Any point (x,y) on the boundary of the circle satisfies the equation fcircle(x,y) =0

Midpoint Circle Algorithm :

Midpoint Circle Algorithm For a point in the interior of the circle, the circle function is negative and for a point outside the circle, the function is positive
Thus,
fcircle(x,y) < 0 if (x,y) is inside the circle boundary
fcircle(x,y) = 0 if (x,y) is on the circle boundary
fcircle(x,y) > 0 if (x,y) is outside the circle boundary yk yk-1 xk xk+1 xk+3 Midpoint x2+y2-r2=0 Midpoint between candidate pixels at sampling position xk+1 along a circular path

Midpoint Circle Algorithm :

Midpoint Circle Algorithm Assuming we have just plotted the pixel at (xk,yk) , we next need to determine whether the pixel at position (xk + 1, yk-1) is closer to the circle
Our decision parameter is the circle function evaluated at the midpoint between these two pixels
pk = fcircle (xk +1, yk-1/2) = (xk +1)2 + (yk -1/2)2 – r2
If pk < 0 , this midpoint is inside the circle and the pixel on the scan line yk is closer to the circle boundary. Otherwise, the
mid position is outside or on the circle boundary, and we select the pixel on the scan line yk-1

Midpoint Circle Algorithm :

Midpoint Circle Algorithm Successive decision parameters are obtained using incremental calculations
pk+1 = fcircle(xk+1+1, yk+1-1/2)
= [(xk+1)+1]2 + (yk+1 -1/2)2 –r2
OR
pk+1 = pk+2(xK+1) + (yK+12 – yk2) – (yk+1- yk)+1
Where yk+1 is either yk or yk-1, depending on the sign of pk
Increments for obtaining pk+1:
2xk+1+1 if pk is negative
2xk+1+1-2yk+1 otherwise

Midpoint circle algorithm :

Midpoint circle algorithm Note that following can also be done incrementally:
2xk+1 = 2xk +2
2 yk+1 = 2yk – 2
At the start position (0,r) , these two terms have the values 2 and 2r-2 respectively
Initial decision parameter is obtained by evaluating the circle function at the start position (x0,y0) = (0,r)
p0 = fcircle(1, r-1/2) = 1+ (r-1/2)2-r2
OR
P0 = 5/4 -r
If radius r is specified as an integer, we can round p0 to
p0 = 1-r

The actual algorithm :

The actual algorithm 1: Input radius r and circle center (xc,yc) and obtain the first point on the circumference of the circle centered on the origin as
(x0,y0) = (0,r) 2: Calculate the initial value of the decision parameter as
P0 = 5/4 - r 3: At each xk position starting at k = 0 , perform the following test:
If pk < 0 , the next point along the circle centered on (0,0) is (xk+1, yk) and
pk+1 = pk + 2xk+1 + 1

The algorithm :

The algorithm Otherwise the next point along the circle is (xk+1, yk-1) and
pk+1 = pk + 2xk+1 +1 -2yk+1
Where 2xk+1 = 2xk+2 and 2yk+1 = 2yk-2 4: Determine symmetry points in the other seven octants 5: Move each calculated pixel position (x,y) onto the circular path centered on (xc ,yc) and plot the coordinate values
x = x+ xc , y= y+ yc 6: Repeat steps 3 through 5 until x >= y

Midpoint Circle Algorithm :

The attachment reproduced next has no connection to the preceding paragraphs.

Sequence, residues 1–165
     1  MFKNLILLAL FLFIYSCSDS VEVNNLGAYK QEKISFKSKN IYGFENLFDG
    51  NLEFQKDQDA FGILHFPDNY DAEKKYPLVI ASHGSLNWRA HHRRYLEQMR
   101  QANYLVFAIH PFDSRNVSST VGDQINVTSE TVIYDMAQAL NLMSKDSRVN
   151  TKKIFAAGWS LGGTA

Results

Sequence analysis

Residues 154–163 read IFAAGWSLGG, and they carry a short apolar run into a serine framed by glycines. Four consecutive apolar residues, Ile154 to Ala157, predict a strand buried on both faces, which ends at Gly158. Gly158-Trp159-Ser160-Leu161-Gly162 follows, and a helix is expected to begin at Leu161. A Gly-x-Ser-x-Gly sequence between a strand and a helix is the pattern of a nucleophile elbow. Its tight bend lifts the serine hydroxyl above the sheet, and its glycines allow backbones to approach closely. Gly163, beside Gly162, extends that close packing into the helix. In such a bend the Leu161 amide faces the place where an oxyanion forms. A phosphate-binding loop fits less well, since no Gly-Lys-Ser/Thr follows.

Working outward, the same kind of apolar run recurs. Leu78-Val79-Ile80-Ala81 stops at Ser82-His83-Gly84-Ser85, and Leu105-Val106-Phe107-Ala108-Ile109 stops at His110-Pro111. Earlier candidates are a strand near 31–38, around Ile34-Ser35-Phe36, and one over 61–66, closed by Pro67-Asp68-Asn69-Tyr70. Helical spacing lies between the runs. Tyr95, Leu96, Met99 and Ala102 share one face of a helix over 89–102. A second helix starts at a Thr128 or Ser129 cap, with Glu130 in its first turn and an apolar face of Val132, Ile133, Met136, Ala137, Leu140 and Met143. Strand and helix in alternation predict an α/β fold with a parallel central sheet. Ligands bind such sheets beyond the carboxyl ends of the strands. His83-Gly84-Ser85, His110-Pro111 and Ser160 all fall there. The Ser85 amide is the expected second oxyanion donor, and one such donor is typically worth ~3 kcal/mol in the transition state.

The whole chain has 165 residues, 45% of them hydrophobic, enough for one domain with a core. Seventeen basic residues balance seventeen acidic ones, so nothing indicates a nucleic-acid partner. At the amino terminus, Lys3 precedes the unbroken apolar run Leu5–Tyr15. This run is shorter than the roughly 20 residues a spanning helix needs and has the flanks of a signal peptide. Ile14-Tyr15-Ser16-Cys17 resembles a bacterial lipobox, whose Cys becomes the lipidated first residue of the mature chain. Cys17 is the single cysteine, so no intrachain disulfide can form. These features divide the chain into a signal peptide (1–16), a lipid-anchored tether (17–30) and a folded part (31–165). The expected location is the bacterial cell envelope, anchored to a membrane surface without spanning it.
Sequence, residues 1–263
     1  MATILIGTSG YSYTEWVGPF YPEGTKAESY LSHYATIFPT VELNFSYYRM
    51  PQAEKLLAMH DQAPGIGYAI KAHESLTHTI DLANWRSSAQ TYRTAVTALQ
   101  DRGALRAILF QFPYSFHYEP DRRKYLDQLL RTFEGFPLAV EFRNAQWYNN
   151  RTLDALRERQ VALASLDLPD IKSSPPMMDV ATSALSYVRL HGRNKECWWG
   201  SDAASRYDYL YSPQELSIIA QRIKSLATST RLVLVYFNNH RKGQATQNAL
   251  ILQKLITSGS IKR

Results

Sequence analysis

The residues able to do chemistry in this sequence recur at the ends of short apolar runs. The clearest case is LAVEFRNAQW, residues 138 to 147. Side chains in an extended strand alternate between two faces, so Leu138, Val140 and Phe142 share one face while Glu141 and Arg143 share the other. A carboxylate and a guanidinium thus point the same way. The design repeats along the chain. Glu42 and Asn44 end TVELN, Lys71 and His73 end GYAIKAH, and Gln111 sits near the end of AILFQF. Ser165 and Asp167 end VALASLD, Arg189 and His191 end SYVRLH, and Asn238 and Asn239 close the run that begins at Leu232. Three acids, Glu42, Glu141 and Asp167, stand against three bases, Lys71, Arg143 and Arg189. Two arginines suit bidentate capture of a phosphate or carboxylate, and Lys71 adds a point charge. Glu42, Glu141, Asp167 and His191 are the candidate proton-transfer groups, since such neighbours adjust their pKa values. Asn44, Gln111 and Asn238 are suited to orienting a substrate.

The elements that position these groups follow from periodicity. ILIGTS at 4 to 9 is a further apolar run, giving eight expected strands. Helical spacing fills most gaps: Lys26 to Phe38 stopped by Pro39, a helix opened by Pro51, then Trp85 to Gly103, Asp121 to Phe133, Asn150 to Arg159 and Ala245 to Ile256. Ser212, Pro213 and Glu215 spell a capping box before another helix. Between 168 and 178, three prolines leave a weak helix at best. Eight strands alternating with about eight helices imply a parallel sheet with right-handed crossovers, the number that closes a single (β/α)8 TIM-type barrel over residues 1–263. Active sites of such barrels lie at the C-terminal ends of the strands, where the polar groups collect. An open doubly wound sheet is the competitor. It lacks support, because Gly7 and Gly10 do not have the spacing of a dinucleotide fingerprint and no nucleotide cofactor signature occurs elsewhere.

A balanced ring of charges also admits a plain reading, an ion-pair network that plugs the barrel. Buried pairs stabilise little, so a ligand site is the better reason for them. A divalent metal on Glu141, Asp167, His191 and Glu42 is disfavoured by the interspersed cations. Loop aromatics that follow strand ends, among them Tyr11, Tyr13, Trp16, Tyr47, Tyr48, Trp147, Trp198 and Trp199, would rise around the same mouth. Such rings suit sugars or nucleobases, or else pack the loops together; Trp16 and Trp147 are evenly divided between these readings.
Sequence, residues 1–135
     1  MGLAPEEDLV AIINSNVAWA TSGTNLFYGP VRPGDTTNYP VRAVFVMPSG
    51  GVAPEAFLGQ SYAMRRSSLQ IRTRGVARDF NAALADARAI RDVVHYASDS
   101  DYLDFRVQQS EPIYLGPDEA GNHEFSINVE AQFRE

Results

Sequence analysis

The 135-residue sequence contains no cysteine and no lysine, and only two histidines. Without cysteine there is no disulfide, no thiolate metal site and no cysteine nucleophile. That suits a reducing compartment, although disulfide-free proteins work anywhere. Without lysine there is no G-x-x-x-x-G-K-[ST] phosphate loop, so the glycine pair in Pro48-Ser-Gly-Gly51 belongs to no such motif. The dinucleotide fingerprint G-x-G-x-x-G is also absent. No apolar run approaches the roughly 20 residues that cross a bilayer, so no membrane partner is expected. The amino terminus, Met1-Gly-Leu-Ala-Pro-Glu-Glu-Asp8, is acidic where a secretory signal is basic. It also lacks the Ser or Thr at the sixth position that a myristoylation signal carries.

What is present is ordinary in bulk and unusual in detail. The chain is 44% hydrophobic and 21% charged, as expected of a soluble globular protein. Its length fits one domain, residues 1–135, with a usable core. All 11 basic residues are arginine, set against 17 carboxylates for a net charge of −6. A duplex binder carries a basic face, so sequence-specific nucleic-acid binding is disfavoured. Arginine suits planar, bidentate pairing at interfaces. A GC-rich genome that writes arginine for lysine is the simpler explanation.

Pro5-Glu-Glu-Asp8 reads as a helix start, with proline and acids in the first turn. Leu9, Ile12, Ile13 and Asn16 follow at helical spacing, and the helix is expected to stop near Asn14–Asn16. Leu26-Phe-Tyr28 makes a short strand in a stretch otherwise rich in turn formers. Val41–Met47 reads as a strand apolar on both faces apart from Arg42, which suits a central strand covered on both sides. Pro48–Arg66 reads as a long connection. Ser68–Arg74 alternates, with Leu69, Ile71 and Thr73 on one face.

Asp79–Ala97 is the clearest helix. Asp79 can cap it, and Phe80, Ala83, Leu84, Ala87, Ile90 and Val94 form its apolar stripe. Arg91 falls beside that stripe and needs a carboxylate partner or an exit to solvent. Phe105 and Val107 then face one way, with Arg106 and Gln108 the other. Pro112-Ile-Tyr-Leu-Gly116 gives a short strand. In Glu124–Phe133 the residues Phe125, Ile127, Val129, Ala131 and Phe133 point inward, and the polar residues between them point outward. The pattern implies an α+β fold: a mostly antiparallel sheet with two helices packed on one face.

Midpoint Circle Algorithm void circleMidpoint (int xCenter, int yCenter, int radius)
{
int x = 0;
int y = radius;
int p = 1 - radius;
void circlePlotPoints (int, int, int, int);
/* Plot first set of points */
circlePlotPoints (xCenter, yCenter, x, y);
while (x < y)
{ x++;
if (p < 0) p += 2 * x + 1;
else { y--;
p += 2 * (x - y) + 1;
}
circlePlotPoints (xCenter, yCenter, x, y);
}
} void circlePlotPoints (int xCenter, int yCenter, int x, int y)
{
setPixel (xCenter + x, yCenter + y);
setPixel (xCenter - x, yCenter + y);
setPixel (xCenter + x, yCenter - y);
setPixel (xCenter - x, yCenter - y);
setPixel (xCenter + y, yCenter + x);
setPixel (xCenter - y, yCenter + x);
setPixel (xCenter + y, yCenter - x);
setPixel (xCenter - y, yCenter - x);
}
/* EXAMPLE ENDS HERE */

Midpoint Ellipse :

Midpoint Ellipse Derivation

Midpoint Ellipse Algorithm :

Midpoint Ellipse Algorithm Input and ellipse center and obtain the first point on an ellipse centered on the origin as
Calculate the initial value of the decision parameter in region 1 as

Midpoint Ellipse.. :

Midpoint Ellipse.. At each position in region 1, starting at k = 0, perform the following test. if , the next point along the ellipse centered on (0,0) is and
Otherwise, the next point along the ellipse is and
with
and continue until

Midpoint Ellipse Contd. :

Midpoint Ellipse Contd. Calculate the initial value of the decision parameter in region 2 as
where is the last position calculated in region 1
At each position in region 2, starting at k=0, perform the following test. if , the next point along the ellipse centered on (0,0) is and
Otherwise, the next point along the ellipse is and
Using the same incremental calculations for x and y as in region 1. Continue until y=0

Midpoint Ellipse :

Midpoint Ellipse For both regions, determine symmetry points in the other three quadrants
Move each calculated pixel position (x, y) onto the elliptical path that is centered on and plot the coordinate values